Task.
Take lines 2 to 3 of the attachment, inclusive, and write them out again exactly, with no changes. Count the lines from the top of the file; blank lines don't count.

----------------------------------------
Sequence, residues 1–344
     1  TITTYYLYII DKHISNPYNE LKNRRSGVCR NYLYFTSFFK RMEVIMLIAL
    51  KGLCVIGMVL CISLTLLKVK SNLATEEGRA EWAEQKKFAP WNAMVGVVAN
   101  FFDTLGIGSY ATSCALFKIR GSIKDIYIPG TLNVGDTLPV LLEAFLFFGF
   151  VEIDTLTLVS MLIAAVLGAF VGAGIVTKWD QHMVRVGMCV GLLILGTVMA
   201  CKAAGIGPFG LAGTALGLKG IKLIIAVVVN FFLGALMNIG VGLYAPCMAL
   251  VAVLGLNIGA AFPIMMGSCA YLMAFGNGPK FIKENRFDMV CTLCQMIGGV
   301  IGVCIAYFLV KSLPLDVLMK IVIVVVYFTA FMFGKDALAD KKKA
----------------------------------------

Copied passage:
     1  TITTYYLYII DKHISNPYNE LKNRRSGVCR NYLYFTSFFK RMEVIMLIAL
    51  KGLCVIGMVL CISLTLLKVK SNLATEEGRA EWAEQKKFAP WNAMVGVVAN